2023 New Year's Resolution Text on Note Pad

Every New Year brings with it a host of resolutions that we plan to implement to make ourselves better people. But we all know how hard it is to keep up with these resolutions. Many of us give up on them within a few weeks.

Why? It often has to do with misplaced energy. While we may have the right idea about what we want to improve, it is the “how are we going to achieve it” piece that is lacking.

Fortunately, science can teach us how to achieve lasting behavioral changes – and it starts by tapping into the power of habits.

Relying purely on willpower to achieve our goals will often result in failure. Setting our sights on quick fixes to long-standing problems won’t work either. But, if we create a system that transforms desired behaviors into default behaviors, success becomes much more likely.

Here are two science-backed reasons to switch out our list of resolutions in 2023 for a list of good habits.

#1. Goals are lofty, habits are bite-sized

Our desire for a ‘fresh start’ makes it tempting to set highly ambitious resolutions. For instance, after a particularly decadent Christmas, we may feel the need to set strict weight loss resolutions. However, when the New Year comes around we often fall off the motivation wagon because the goal was unrealistic in the first place.

Instead of chasing an arbitrary weight loss goal, consider adopting a habit of doing a light 20-minute workout every other day for the first three months of the year. Choose something that is sustainable and effective.

This is the beauty of creating habits. We can start with a minimum viable action, like going for a walk every day or doing light stretching daily, and build on it progressively. The idea is to incorporate a desired behavior into our roster of default behaviors. Once the change is made, we can move on to more challenging behaviors like going to the gym or running a 5K.

Psychologist Torsten Martiny-Huenger suggests another way we can create lasting habits: by using ‘if-then’ action planning.

According to Martiny-Huenger, ‘if-then’ action planning is a way for us to ‘hack’ our brain’s associative linking architecture. All we have to do is tie a desired behavior to a situational cue that will serve as a ‘trigger.’

So, instead of relying on a random moment to trigger our action, we can decide something like, “everyday before starting work I will do five sit-ups.” This will ensure that we execute our minimum viable action.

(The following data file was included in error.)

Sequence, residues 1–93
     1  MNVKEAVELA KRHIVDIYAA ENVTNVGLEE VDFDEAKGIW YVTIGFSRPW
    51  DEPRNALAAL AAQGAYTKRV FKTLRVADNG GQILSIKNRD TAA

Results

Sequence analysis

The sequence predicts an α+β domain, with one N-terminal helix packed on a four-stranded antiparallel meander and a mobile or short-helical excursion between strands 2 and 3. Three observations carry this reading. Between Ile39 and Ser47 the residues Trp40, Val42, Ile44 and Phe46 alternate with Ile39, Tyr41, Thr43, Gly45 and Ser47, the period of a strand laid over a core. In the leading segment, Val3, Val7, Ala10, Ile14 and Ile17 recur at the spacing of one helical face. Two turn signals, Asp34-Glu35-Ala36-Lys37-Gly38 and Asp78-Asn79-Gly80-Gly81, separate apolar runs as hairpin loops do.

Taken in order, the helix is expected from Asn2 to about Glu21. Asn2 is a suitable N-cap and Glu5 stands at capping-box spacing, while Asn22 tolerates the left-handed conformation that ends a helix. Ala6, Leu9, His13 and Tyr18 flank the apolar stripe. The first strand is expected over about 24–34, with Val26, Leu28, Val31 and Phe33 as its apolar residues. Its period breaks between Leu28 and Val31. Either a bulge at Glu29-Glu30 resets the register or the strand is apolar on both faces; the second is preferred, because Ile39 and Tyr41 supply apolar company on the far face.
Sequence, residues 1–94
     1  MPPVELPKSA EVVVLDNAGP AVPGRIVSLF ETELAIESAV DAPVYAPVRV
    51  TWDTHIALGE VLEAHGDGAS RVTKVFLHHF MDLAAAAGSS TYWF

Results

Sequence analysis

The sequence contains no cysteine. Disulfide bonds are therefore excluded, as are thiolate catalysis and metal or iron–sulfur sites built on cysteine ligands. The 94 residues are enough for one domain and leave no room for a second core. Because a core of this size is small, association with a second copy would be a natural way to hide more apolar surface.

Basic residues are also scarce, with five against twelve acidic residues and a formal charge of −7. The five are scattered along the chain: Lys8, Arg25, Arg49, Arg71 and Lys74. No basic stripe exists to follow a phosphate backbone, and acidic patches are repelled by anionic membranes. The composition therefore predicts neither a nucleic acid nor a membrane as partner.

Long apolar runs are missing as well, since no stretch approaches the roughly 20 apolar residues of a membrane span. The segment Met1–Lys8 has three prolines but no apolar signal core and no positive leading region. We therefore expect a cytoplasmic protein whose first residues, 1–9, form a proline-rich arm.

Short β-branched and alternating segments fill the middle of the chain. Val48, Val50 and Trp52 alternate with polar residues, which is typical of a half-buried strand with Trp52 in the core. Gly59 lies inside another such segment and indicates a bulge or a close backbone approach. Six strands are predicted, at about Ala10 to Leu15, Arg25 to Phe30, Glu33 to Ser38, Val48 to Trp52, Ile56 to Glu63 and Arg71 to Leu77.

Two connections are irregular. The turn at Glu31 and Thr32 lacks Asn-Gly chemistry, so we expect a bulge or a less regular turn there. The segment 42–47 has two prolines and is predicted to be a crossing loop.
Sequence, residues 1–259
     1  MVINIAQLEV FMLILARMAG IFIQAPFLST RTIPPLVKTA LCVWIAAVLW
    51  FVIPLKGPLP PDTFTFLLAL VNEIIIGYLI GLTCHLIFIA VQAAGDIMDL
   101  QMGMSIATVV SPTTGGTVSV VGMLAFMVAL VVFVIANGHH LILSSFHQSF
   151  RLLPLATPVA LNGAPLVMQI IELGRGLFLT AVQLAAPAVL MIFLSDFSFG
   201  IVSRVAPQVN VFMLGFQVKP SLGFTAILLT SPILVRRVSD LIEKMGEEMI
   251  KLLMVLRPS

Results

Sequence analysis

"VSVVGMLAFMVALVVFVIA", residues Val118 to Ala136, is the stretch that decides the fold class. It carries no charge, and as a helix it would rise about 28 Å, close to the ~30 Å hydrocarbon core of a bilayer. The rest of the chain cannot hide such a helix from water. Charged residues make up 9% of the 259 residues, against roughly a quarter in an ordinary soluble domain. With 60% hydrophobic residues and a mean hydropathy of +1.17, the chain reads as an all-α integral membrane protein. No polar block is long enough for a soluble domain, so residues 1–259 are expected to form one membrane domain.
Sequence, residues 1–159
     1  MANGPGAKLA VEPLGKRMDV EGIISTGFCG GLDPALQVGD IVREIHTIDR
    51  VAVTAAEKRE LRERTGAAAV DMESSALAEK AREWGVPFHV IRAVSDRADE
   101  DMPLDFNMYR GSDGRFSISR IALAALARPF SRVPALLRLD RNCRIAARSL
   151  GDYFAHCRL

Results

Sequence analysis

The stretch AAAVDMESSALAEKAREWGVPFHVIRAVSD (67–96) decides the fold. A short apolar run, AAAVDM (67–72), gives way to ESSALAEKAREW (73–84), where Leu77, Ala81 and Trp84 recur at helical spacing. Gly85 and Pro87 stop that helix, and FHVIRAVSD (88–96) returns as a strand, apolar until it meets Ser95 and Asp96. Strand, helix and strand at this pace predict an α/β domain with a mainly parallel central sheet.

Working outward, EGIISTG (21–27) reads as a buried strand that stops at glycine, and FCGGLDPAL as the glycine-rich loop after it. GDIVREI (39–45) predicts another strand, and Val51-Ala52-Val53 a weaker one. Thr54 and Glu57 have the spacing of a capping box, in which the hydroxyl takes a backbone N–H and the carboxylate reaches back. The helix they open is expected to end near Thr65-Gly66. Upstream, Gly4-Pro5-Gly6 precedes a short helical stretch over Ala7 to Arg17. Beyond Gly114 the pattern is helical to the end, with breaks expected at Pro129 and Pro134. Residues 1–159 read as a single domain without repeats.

“The practical advice is to link the intended behavior to situational cues that provide good opportunities to initiate them,” says Martiny-Huenger. “Such if-then planning is not magic and it will not lead to successfully implementing the intended behavior every time, but it will increase the likelihood of completing them.”

#2. Goals take superhuman effort, habits are automatic

Most people believe, somewhat mistakenly, that our behaviors are prompted by feelings and desires. We assume that we brew our morning espresso because we feel tired or underslept. In many cases, however, the truth is that our morning cup, or other similar routines, are simply matters of habit.

This misattribution to ‘inner states’ rather than habits was brought to light in a recent study led by psychologist Asaf Mazar.

“Habits are important because they can be activated automatically without conscious thought, which means that habits are often the default response we revert to unless we have a strong desire to act differently,” he explains.

According to another study by his colleague, Wendy Wood, habits form nearly 40% of our daily behaviors. This presents a remarkable opportunity to ‘automate’ our desired behaviors and turn them into actions that we can execute almost passively.

A useful tip Mazar shares for cultivating desired habits is to reduce the ‘friction’ between oneself and the desired behavior. Friction refers to minor obstacles that stand in the way of our intended actions. For instance, instead of relying on our self-control when trying out a healthier diet, we can simply stop stocking processed snacks in our kitchen and switch them out for tasty but healthy snacks.

“We find that friction can exert an outsize influence on behavior, but people tend to underappreciate its effects when trying to change their habits,” he explains.


Creating New Year’s resolutions isn’t a bad thing, but we need to do a better job of giving our resolutions a fighting chance. Building better habits can ensure that our goals, and our self-esteem, remain stable throughout the year.

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